The lost promise of litigation is restitutio in integrum. Loosely translated, it is an attempt to sew shut a suture, make right a wrong, return to whole what has come undone.
Voices of victims are muted though, by cost, delay and expertise.
Change is coming. In Hryniak v. Maudlin, the Supreme Court recognized the need for a “culture shift” and endorsed a broad interpretation of Rule 20 of the Rules of Civil Procedure. In so doing, the Supreme Court aimed to expedite resolution for matters amenable to summary judgment. It is a slow, but welcome, response to the call for increased access to justice and timely remedies. Still, we have yet to see sufficient treatment of Hryniak to determine whether summary judgment will bring about the shift our legal culture needs.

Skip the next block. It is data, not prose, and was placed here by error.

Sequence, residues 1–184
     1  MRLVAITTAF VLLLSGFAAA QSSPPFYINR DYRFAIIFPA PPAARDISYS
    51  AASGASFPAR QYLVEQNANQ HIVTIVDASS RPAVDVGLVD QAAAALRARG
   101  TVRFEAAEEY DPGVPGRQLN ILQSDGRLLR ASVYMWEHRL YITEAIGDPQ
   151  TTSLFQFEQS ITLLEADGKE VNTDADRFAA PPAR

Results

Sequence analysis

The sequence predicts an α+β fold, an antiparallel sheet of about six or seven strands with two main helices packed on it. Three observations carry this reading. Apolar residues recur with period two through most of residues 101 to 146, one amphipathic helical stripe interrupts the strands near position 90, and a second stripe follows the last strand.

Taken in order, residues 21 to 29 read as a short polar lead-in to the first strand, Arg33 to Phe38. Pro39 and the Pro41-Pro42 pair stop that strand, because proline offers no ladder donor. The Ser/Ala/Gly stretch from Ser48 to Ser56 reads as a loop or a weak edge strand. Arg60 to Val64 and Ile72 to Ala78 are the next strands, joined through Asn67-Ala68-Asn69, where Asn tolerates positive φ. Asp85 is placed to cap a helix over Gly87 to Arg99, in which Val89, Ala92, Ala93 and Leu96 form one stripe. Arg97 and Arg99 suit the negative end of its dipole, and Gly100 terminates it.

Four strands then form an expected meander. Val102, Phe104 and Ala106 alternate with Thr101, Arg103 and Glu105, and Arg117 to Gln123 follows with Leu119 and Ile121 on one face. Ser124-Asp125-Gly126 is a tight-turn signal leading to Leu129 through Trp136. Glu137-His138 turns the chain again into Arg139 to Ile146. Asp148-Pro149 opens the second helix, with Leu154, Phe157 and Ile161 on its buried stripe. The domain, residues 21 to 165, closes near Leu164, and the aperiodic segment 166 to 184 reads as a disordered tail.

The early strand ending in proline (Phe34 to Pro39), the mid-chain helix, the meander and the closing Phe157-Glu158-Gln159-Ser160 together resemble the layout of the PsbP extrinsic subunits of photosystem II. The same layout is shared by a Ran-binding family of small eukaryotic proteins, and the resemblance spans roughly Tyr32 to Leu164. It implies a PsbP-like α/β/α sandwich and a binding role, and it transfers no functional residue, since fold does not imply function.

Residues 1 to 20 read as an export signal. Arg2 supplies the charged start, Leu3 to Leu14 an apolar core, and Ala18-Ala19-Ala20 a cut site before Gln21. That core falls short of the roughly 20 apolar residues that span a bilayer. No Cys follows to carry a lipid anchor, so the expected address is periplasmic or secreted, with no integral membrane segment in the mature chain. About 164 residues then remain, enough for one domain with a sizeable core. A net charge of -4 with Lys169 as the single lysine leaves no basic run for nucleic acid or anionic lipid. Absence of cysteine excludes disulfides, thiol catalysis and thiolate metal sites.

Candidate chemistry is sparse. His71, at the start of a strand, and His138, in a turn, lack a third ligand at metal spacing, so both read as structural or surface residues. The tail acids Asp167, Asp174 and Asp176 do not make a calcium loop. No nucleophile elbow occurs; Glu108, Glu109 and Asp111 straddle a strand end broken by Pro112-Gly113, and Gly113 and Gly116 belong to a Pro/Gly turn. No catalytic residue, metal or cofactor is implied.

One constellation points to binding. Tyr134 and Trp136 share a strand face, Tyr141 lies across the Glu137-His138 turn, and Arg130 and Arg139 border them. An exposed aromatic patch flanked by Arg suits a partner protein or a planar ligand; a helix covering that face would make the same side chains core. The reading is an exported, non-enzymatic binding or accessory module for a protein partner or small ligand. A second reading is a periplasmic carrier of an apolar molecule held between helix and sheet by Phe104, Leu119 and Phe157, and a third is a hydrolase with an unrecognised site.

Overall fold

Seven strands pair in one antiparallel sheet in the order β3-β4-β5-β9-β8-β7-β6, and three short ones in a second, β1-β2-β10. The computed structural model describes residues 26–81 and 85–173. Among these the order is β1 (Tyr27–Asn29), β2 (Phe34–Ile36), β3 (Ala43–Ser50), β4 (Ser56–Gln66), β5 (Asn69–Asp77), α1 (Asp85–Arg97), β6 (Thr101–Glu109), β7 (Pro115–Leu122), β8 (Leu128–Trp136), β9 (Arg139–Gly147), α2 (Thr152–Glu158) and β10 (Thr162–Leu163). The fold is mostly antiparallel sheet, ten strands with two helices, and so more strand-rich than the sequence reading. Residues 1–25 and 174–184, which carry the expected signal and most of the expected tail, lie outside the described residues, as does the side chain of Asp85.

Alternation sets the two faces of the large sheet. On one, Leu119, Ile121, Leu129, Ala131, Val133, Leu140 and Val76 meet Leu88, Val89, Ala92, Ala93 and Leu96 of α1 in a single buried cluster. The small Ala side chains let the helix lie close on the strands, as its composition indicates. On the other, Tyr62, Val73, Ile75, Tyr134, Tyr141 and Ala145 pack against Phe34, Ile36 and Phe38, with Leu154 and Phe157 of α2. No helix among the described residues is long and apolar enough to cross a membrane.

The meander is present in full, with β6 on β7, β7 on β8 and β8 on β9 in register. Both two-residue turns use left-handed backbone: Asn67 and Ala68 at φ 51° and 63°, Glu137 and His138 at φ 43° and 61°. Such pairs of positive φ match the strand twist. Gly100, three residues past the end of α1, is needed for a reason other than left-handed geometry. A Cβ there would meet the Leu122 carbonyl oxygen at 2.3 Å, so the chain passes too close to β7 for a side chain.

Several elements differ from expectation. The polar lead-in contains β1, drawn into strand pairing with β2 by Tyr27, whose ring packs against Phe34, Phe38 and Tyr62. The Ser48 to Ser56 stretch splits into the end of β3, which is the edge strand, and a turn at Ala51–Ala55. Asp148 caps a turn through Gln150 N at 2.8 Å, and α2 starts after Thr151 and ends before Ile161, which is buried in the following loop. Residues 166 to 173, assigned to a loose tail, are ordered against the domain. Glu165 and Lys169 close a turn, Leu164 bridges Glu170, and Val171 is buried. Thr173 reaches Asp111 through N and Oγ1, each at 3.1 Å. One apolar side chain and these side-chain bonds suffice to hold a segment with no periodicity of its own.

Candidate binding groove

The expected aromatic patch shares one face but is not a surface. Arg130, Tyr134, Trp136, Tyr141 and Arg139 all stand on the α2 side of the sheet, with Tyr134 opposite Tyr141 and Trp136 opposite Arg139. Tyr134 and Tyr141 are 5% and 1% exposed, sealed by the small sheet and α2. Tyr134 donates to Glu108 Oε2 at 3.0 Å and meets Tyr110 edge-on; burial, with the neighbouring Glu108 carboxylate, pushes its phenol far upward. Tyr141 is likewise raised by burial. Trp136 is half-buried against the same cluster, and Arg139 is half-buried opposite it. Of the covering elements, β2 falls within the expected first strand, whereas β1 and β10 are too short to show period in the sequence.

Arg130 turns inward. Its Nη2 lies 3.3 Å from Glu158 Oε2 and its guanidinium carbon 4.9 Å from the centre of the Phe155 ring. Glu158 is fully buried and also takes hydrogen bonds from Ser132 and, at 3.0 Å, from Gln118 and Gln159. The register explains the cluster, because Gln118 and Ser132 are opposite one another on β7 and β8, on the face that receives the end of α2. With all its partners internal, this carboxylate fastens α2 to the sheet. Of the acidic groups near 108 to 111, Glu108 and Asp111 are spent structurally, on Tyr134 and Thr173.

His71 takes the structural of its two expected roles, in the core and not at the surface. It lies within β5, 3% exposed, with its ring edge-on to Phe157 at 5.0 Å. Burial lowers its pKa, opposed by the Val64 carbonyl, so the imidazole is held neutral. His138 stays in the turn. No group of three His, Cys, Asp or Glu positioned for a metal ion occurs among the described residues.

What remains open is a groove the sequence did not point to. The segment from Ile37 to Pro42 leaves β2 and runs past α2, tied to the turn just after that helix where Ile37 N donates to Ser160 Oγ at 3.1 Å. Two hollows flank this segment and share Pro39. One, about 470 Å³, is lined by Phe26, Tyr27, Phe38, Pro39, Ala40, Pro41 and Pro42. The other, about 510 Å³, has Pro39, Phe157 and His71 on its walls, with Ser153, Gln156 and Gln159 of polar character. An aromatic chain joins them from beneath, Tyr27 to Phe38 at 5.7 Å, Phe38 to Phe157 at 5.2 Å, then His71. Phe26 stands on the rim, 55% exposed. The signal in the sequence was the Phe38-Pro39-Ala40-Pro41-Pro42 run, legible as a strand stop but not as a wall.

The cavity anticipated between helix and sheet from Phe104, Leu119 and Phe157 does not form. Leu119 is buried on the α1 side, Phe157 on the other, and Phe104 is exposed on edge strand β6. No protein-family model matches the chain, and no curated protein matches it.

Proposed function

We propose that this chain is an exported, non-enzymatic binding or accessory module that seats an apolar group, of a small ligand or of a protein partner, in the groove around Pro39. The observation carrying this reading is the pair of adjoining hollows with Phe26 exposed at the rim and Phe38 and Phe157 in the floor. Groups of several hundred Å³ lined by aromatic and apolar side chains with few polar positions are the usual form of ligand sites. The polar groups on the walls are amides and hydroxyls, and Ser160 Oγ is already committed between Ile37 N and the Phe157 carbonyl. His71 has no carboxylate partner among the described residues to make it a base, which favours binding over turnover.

What we know is that Hryniak reflects the urgency of the need for reform.
Class action legislation welcome unheard voices to the conversation. Unfortunately, redress is often stalled by delays leading to certification, the tremendously lengthy appeal delays as well as the prospect of adverse costs against representative plaintiffs.
We need to get back to basics. Or, better, let’s get back to ideals-to restitution in integrum-making wrongs right.
Can harm ever be undone, or loss recovered? Perhaps not. But, it’s our job as lawyers to try.